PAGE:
There is no more efficient form of heat…for every kilowatt in we get a BTU out but again, the cost of the kilowatt has always been the obstacle.
I am pleased that I listened to Don because he enlightened me as to where the technology has taken this once forgotten form of heat. Much like the modulating boiler and the inverter compressor we just discussed in the earlier article, the Dimplex LPC Series modulates or ‘proportions’ the heat output to maintain the temperature with a 33% savings on energy use over traditional electric baseboard products.
What drew me to the Dimplex product was it’s appearance…it looks really nice! It is very slim and has a low profile. The LPC Series are up to 42% smaller than conventional baseboard heaters.
The LPC Series is available in lengths from 20” to 60” and wattages from 500W – 2500W.
A 500W element will give you about 1024 BTU / foot. A 2500W element will give you 1706 BTU / foot and there are five further wattage increments between 500 and 2500 to satisfy any need and application.
The baseboards have an on-board electronic baseboard that can communicate with others in the same zone or a wireless remote is available as an option.
Dimplex claims their LPC series will maintain a consistent room temperature to within .9 degrees Fahrenheit…very impressive!
You can check out Dimplex’s entire product offering at their website:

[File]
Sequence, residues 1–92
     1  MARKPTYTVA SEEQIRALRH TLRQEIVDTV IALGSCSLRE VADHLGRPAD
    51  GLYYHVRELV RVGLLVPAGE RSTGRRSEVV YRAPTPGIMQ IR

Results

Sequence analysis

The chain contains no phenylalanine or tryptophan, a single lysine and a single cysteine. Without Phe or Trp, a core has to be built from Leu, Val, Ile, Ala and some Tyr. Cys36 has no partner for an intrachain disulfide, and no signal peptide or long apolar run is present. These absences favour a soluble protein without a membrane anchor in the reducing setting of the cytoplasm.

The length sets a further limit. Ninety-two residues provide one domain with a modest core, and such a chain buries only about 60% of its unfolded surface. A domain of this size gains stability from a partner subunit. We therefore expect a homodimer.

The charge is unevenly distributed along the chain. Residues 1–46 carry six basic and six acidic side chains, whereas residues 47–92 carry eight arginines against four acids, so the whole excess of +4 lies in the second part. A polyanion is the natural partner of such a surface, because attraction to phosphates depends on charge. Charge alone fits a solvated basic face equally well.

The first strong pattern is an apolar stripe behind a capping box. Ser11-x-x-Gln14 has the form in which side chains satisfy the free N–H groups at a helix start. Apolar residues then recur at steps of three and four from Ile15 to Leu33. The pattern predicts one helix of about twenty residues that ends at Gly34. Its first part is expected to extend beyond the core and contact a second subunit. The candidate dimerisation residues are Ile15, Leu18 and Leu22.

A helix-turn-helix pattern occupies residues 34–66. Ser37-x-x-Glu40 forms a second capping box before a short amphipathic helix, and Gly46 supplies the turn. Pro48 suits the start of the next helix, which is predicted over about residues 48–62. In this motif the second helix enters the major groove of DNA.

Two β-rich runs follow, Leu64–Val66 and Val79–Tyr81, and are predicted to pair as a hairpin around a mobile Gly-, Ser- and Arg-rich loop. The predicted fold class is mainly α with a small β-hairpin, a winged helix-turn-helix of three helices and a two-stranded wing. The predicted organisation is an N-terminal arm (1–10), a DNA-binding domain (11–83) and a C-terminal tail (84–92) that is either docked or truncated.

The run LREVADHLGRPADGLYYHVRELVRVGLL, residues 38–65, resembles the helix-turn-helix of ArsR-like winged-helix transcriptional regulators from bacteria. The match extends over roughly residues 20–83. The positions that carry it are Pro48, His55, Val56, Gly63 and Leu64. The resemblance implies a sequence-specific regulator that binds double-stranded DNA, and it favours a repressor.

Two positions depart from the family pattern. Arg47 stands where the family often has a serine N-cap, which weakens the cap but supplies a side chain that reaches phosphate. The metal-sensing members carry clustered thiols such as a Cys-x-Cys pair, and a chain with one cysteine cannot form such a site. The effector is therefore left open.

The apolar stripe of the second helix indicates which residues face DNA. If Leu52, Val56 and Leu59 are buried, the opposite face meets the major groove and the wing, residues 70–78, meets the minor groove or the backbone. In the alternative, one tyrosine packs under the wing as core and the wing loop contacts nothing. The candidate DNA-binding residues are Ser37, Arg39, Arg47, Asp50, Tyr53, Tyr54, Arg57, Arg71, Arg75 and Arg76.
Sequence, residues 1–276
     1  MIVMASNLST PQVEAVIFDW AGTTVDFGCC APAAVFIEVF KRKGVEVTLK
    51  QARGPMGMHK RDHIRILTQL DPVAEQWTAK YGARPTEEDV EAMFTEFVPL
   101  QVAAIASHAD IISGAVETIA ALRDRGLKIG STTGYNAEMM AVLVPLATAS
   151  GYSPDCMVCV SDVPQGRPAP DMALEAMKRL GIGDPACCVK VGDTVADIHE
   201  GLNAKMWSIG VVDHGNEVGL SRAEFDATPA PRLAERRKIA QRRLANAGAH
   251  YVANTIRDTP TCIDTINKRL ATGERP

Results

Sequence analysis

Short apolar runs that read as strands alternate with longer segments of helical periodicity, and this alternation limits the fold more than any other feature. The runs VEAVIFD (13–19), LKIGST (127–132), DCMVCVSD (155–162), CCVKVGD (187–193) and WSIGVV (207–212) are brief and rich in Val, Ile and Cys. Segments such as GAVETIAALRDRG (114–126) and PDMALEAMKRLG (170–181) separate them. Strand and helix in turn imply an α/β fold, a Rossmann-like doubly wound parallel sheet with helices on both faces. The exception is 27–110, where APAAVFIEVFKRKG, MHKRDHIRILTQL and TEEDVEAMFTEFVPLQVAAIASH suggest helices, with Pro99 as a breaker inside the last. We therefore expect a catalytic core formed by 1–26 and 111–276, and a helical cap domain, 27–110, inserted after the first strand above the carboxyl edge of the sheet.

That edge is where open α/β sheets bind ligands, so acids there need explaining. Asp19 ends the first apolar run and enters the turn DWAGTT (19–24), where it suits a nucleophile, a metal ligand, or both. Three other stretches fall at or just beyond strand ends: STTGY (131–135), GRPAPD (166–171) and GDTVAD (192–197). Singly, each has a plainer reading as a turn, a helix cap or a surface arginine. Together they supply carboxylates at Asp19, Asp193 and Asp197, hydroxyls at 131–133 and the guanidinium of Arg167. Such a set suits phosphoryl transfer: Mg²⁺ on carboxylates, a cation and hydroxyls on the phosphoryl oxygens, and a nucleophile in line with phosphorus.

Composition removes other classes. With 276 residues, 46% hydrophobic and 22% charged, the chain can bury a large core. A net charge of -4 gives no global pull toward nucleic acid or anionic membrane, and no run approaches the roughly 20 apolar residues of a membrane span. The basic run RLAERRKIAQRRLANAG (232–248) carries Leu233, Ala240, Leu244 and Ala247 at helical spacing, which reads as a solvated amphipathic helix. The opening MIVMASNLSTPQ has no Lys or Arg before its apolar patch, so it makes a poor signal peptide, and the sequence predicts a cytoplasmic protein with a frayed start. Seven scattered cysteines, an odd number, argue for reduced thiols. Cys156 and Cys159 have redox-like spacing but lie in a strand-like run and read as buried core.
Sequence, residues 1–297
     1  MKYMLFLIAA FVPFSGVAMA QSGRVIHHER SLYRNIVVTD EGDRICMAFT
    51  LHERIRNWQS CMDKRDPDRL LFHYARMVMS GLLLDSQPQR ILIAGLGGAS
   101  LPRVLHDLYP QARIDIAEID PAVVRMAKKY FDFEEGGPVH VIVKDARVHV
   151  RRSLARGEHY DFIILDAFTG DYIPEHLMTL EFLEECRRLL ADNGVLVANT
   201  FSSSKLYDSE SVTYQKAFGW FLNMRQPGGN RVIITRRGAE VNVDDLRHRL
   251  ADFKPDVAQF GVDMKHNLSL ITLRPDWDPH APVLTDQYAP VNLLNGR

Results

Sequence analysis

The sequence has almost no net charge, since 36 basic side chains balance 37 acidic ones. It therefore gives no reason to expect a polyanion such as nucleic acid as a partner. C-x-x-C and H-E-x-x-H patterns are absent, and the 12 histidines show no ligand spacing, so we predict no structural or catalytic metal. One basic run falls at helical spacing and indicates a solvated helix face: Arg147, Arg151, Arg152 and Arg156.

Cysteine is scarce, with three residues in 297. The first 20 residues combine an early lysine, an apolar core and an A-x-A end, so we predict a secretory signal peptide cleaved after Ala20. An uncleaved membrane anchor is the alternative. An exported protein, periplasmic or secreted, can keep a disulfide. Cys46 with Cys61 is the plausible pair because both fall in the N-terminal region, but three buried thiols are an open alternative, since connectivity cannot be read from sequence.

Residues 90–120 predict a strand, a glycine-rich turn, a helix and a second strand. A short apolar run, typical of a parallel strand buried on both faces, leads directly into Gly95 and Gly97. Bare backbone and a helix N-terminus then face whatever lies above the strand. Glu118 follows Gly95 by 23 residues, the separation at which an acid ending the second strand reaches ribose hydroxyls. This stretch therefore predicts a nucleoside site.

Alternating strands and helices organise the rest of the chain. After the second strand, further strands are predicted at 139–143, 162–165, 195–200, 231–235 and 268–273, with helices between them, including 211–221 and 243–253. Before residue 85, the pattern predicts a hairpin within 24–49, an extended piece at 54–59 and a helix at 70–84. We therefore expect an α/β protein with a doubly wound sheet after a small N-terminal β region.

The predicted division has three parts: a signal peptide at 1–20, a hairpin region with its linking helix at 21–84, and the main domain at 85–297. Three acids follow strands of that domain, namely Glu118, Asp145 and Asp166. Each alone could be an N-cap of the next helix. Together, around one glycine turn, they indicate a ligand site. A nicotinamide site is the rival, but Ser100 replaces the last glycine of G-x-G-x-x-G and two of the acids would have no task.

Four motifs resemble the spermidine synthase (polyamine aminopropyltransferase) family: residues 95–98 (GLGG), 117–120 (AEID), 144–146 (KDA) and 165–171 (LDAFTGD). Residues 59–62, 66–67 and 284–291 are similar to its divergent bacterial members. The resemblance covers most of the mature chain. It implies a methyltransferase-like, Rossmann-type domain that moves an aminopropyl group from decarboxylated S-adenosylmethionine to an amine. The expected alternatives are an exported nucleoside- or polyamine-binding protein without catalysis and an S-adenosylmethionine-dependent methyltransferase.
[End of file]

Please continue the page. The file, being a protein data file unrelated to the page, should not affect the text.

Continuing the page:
Follow up to an article in the May & June Newsletter about the ‘HydroClaw’
Great news from my friends the Perry brothers who invented the expansion tank mounting device they call the ‘HydroClaw’. Our mutual good friend, Dan Holohan of HeatingHelp.com featured the HydroClaw in his recent newsletter and the Perry’s established a website as well. You can see the site at this address:
You can purchase the HydroClaw at:
1175 Erickson Ave.
Harrisonburg, VA. 22801
New classes posted on the website
Please keep checking my website for an upcoming class near you. I have scheduled classes in Florida, Western Canada, New York and New Jersey and I believe I will be posting classes for the Chicago area as well as more classes in Ontario Canada very soon. Subjects include mini splits, geothermal, commercial water source heat pumps and hydronic pumping…sign up for a class today!